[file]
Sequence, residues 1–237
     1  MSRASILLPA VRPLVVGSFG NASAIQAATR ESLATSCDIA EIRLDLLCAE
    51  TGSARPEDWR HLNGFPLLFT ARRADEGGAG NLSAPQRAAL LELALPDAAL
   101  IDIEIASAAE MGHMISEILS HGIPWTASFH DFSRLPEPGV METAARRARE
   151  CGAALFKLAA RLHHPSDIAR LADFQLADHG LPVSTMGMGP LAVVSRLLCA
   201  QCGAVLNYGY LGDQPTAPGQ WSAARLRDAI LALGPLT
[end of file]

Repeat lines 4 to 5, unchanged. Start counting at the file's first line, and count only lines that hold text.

   101  IDIEIASAAE MGHMISEILS HGIPWTASFH DFSRLPEPGV METAARRARE
   151  CGAALFKLAA RLHHPSDIAR LADFQLADHG LPVSTMGMGP LAVVSRLLCA